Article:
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Glenwood City holds first Spanish Honor Society Induction Ceremony

FIRST INDUCTION CLASS — The Spanish Honor Society at Glenwood City High School held its first induction ceremony March 9th. The inaugural members are, from left to right, Lisa Yang, Aubree Logghe, Amalia Draxler and Savanna Millermon. —photo by Shawn DeWitt

by Señora Amanda Sandor

GCHS Spanish Teacher and Honor Society Advisor

GLENWOOD CITY — A new chapter of the Sociedad Honoraria Híspanica was created at Glenwood City High School this spring.

The chapter’s first induction ceremony took place on Wednesday, March 8th, and it followed the National Honor Society ceremony. Amalia Draxler (senior), Aubree Logghe (senior), Savanna Millermon (junior), and Lisa Yang (junior) joined the society. To qualify to become members, students have to have a B+ average GPA and plan on taking as many Spanish classes as GCHS offers. They also have glowing faculty and community recommendations.

Spanish Honor Society, was founded by the American Association of Teachers of Spanish & Portuguese (the AATSP) in 1953, for students of North American secondary schools. The purpose of the organization is to promote a passion for foreign languages and the cultures that speak them. The name of the chapter of GCHS is Puertas Abiertas, which means “open doors.” It is the aim of our Spanish program, the Spanish Club, and the Spanish Honor Society to help students see the doors that are open to them. Amanda Sandor has been the Spanish teacher for the last two school years, and it has been her philosophy to help her students see opportunities as doors they can knock on and walk through if they choose.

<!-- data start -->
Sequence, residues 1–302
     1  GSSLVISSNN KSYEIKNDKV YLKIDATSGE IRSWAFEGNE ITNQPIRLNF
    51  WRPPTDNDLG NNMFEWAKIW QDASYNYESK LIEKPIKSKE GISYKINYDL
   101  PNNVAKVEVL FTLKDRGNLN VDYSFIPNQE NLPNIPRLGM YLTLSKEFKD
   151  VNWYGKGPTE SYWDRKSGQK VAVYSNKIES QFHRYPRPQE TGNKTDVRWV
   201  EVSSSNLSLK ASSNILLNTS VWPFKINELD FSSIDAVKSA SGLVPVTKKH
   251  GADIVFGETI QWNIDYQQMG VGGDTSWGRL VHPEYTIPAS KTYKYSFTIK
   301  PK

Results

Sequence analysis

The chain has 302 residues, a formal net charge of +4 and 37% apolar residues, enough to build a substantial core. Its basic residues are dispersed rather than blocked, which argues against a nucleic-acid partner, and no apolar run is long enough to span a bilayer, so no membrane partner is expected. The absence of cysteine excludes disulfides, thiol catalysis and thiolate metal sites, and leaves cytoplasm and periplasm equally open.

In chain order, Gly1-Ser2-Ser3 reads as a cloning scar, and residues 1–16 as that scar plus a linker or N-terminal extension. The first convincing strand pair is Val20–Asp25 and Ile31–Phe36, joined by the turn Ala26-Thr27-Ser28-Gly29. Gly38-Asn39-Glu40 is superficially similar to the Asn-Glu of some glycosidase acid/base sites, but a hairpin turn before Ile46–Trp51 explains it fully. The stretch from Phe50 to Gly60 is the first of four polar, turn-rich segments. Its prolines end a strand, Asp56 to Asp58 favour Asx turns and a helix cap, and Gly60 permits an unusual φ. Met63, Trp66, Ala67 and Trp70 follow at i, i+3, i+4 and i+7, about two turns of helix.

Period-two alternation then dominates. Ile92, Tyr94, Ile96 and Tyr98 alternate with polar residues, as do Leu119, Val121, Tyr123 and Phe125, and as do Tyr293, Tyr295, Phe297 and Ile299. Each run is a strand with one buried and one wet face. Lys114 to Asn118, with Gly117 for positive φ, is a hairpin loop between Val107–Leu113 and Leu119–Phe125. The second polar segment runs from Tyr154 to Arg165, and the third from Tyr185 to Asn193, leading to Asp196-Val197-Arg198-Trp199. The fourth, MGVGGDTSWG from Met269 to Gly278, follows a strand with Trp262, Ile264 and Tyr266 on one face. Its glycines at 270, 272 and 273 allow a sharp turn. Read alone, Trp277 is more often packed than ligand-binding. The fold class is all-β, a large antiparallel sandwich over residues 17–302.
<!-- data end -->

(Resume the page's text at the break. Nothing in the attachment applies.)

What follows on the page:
By becoming a member, students demonstrate their commitment to the discipline of language learning. Señora Sandor started the society because she wanted her students to have opportunities to participate in some of the incentives of being members. Obviously, having an honor society as a credential on a resume is a great perk. More than that, members have the opportunity to submit work to Albricias, a student publication distributed by the ACTFL. The work that would become published in Albricias is very similar to work Senora’s students are doing for Español en Acción. Since they are already doing the work, it makes sense to have a way to have them recognized for it. Students will receive cords at graduation and have earned a letterman pin. 

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